Closure in JavaScript


a closure is the combination of a function bundled together with references to it's surrounding state(the lexical environment).In JavaScript, closures are created every time a function is created, at function creation time,a closure gives you access to an outer function’s scope from an inner function
The inner function will have access to the variables in the outer function scope

closures arte commonly used to give objects data privacy,Data privacy is an essential property that helps us program to an interface, not an implementation. This is an important concept that helps us build more robust software because implementation details are more likely to change in breaking ways than interface contracts.
In functional programming, closures are frequently used for partial application & currying. This requires some definitions:
Application: The process of applying a function to its arguments in order to produce a return value.

Partial Application: The process of applying a function to some of its arguments. The partially applied function gets returned for later use. In other words, a function that takes a function with multiple parameters and returns a function with fewer parameters. Partial application fixes (partially applies the function to) one or more arguments inside the returned function, and the returned function takes the remaining parameters as arguments in order to complete the function application.

partialApply(targetFunction: Function, ...fixedArgs: Any[]) =>  
  functionWithFewerParams(...remainingArgs: Any[])
const add = (a, b) => a + b;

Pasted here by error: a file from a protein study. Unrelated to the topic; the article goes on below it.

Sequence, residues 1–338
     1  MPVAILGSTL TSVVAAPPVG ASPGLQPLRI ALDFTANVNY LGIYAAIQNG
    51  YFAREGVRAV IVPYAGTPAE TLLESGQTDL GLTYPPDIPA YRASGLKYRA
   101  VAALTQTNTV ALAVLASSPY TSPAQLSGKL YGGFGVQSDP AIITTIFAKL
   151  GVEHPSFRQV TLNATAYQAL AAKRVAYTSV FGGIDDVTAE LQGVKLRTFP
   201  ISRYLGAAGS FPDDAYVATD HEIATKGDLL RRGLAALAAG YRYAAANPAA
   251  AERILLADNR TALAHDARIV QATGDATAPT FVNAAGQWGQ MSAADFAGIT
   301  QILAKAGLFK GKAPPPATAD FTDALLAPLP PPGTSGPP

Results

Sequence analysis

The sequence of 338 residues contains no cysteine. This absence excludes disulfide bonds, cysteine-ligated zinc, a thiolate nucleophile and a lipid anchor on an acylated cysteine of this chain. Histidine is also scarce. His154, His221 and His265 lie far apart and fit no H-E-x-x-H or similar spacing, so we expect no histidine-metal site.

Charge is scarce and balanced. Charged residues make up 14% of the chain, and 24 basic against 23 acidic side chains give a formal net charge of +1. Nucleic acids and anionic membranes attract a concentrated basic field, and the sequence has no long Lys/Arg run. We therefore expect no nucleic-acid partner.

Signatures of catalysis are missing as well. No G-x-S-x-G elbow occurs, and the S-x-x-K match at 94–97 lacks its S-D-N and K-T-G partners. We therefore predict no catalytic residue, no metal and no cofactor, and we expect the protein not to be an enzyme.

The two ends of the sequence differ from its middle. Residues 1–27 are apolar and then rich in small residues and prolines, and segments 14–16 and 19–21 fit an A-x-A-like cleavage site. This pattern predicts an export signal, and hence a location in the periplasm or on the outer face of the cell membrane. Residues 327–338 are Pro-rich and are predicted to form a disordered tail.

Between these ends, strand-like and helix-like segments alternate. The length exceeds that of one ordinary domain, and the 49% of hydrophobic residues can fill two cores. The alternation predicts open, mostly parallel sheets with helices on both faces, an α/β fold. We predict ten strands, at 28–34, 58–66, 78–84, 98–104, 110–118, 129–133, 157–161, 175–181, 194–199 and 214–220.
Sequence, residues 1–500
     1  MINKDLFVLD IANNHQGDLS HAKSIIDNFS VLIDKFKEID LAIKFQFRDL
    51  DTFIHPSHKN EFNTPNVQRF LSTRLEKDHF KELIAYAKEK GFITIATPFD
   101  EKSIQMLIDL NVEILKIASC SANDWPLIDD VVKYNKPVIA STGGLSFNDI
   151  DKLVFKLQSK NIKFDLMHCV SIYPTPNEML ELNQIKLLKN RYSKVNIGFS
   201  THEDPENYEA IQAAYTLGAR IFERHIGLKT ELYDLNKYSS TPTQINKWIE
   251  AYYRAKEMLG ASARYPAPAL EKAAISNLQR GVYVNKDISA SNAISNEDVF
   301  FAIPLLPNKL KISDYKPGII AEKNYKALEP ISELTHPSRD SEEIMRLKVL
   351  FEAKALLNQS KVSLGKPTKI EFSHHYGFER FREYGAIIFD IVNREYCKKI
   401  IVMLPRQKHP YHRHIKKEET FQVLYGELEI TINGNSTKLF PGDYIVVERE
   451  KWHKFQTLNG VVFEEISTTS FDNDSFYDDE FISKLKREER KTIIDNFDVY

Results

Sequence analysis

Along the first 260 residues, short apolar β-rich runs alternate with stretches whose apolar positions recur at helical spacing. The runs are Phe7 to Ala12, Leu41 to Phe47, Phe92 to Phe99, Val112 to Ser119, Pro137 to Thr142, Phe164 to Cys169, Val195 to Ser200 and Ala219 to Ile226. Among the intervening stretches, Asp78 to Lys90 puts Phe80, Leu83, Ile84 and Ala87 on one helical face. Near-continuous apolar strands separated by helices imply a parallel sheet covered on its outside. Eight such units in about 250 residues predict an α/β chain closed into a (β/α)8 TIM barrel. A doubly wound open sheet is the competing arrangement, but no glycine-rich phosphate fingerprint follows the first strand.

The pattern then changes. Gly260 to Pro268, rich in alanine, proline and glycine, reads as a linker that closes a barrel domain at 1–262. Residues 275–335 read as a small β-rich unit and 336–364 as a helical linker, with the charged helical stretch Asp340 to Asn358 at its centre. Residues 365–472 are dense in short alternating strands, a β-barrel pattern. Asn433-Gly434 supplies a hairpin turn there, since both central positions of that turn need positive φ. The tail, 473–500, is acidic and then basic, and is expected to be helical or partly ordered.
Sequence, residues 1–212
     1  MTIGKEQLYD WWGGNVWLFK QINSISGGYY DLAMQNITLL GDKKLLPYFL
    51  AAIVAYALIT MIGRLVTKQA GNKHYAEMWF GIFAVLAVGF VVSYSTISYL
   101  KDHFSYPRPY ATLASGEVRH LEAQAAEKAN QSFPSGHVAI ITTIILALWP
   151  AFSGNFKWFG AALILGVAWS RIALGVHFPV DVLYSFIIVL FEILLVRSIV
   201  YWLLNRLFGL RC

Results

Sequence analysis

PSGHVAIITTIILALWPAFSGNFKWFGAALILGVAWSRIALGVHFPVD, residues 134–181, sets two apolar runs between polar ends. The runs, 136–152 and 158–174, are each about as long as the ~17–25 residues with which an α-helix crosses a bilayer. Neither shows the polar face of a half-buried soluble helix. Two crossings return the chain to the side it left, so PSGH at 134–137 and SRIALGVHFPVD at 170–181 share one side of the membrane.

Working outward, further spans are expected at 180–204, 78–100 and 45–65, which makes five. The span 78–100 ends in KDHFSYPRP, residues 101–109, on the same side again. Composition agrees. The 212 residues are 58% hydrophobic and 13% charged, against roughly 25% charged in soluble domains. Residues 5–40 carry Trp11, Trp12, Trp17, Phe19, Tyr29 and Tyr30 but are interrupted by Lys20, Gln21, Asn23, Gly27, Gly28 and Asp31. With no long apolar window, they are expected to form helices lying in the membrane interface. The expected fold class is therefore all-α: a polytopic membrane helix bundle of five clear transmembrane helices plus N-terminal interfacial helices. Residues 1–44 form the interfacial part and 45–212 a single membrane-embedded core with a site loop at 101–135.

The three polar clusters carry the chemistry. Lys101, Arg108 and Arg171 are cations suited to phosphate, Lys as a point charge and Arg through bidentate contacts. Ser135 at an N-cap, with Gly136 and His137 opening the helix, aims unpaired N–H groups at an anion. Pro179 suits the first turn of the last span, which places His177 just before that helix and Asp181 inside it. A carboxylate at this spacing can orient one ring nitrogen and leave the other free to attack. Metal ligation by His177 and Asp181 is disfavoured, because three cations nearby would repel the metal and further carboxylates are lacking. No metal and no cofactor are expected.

const add10 = partialApply(add, 10);  

10 becomes a fixed parameter

const partialApply = (fn, ...fixedArgs) => {  
  return function (...remainingArgs) {
    return fn.apply(this, fixedArgs.concat(remainingArgs));


Understanding hoisting will help you organize your function scope,cariable declaration and function definition are hoisted to the top.Variable definition is not.even if you declare and define a variable on the same line. Also, variable declaration is letting the system know that the variable exists while definition is assigning it a value.

function doTheThing() {  
  // ReferenceError: notDeclared is not defined

  // Outputs: undefined
  var definedLater;

  definedLater = 'I am defined!'
  // Outputs: 'I am defined!'

  // Outputs: undefined
  var definedSimulateneously = 'I am defined!'
  // Outputs: 'I am defined!'

  // Outputs: 'I did it!'

  function doSomethingElse(){
    console.log('I did it!');
  }//function definition
  // TypeError: undefined is not a function

  var functionVar = function(){
    console.log('I did it!');

declare all of your variables at the top of your function scope so it is clear which scope the variables are coming from. Define your variables before you need to use them. Define your functions at the bottom of your scope to keep them out of your way.